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Camcorder Meets Mac > Camcorder Meets Mac - Pg. 105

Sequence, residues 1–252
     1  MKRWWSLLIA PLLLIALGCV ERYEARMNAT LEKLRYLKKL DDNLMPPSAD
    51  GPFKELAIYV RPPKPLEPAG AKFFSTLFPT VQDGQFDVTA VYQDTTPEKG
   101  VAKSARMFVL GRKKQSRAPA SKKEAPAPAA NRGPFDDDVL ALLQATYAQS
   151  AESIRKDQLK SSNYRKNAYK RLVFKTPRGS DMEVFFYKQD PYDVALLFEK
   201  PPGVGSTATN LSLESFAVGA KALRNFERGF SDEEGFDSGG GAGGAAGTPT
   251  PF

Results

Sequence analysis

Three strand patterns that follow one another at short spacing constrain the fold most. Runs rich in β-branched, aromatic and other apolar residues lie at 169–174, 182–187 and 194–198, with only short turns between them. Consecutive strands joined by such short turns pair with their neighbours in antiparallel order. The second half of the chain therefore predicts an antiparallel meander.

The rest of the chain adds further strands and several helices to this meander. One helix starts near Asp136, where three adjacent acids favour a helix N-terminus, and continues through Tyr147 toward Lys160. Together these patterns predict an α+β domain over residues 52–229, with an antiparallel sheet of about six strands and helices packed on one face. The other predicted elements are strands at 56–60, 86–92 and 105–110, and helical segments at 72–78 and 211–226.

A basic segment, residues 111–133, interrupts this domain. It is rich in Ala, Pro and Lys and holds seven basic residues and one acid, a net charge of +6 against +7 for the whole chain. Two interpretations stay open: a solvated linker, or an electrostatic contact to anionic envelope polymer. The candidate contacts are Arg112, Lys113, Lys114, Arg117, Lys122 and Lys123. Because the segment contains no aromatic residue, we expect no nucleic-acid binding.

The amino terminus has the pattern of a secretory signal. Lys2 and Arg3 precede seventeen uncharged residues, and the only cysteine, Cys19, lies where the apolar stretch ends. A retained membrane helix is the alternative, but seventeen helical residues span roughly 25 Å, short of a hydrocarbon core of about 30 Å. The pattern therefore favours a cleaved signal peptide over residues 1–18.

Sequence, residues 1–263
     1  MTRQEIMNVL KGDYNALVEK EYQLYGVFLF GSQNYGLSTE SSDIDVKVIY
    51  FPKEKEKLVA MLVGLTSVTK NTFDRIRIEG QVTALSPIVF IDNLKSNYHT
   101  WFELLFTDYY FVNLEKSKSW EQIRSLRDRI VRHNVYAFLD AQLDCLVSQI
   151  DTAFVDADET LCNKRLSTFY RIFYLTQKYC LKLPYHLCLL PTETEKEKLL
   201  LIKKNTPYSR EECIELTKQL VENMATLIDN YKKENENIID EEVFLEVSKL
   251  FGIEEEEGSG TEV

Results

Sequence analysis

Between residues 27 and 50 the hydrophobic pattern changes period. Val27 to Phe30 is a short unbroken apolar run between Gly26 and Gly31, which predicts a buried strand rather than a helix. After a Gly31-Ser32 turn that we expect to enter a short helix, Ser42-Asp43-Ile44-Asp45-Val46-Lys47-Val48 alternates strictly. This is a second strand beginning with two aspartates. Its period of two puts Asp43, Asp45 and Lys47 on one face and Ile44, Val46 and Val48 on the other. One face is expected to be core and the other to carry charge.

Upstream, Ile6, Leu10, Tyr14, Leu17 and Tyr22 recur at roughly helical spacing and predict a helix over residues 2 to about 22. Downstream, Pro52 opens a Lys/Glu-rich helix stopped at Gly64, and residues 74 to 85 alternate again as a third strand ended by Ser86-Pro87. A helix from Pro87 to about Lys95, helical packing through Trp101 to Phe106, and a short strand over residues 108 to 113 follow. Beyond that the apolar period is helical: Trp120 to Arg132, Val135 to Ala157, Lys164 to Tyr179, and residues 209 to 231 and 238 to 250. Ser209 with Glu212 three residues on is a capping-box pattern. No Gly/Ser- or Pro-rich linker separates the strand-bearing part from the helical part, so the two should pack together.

The one you'll notice frst is the new shape of the iMovie monitor window, and the new shape of the captured clips. As you can see in Figure 4-9, they're wide instead of square. Welcome to the HDTV age, baby. You'll notice another difference, too, once you start importing: Your Mac probably isn't fast enough to capture this massive amount of data in real time. (Remember, high-defnition footage is three or four times as massive as standard DV.) That's why, if you inspect Figure 4-9 carefully, you'll see the tiny notation "Capturing HD at 1/4 speed" just above the volume slider. This notation changes as the importing process chugs along; it may say "Capturing HD at 1/8 speed" or, if you're lucky, even "Capturing HD at full speed." Tip: If you make your iMovie window smaller--small enough that the Monitor window is only a quarter its usual size--you get much better speed. iMovie, in that case, transcodes the high-def video at only a quarter of its normal size (see the box on page 103), and you get faster, smoother playback and quicker importing. (If your machine is anything slower than a dual-1 gigahertz G4 or G5 processor, in fact, you always get this quarter-sized video, unless you change the Playback settings in iMovie's Preferences dialog box.) Four Special Cases The bottom line, though, is that importing high-def footage isn't a real-time opera- tion, as it is when you import standard-def footage. Even after the camera is fnished playing the tape, iMovie takes a few more minutes to catch up; a message on the screen says, "Processing cached HDV data" until the post-processing is complete. Note: If you want to stop before the end of the tape, note that there's a difference between clicking the Stop button and clicking the Import button; see the box on page 103. Fortunately, it's worth the wait. Once the HDTV footage is inside iMovie, you can work with it with all the speed and fuidity of standard footage. And when the work is fnished, you can export the result to iDVD to burn onto a DVD. No, the result won't be a high-defnition disc; it will, however, be a widescreen disc (at your option), which will look absolutely spectacular on a widescreen TV. Magic iMovie Nobody disputes that music, titles, and crossfades make movies look a heck of a lot better. But let's face it: millions of people wind up taking camcorder movies, and then never looking at them again. Editing and spicing up those movies is great, but it's work. And it takes a lot of time. In an effort to solve that problem, iMovie HD introduces something called the Magic iMovie--a completely automated movie-assembly feature. You literally connect the camcorder, choose FileMake Magic iMovie, choose the music and options you want, and then walk away. Without any further attention from you, the program rewinds the tape, creates an opening title, imports all the footage, adds a transition between shots (if you've opted for one), backs it all up with music that you choose chapter4:camcordermeetsmac 105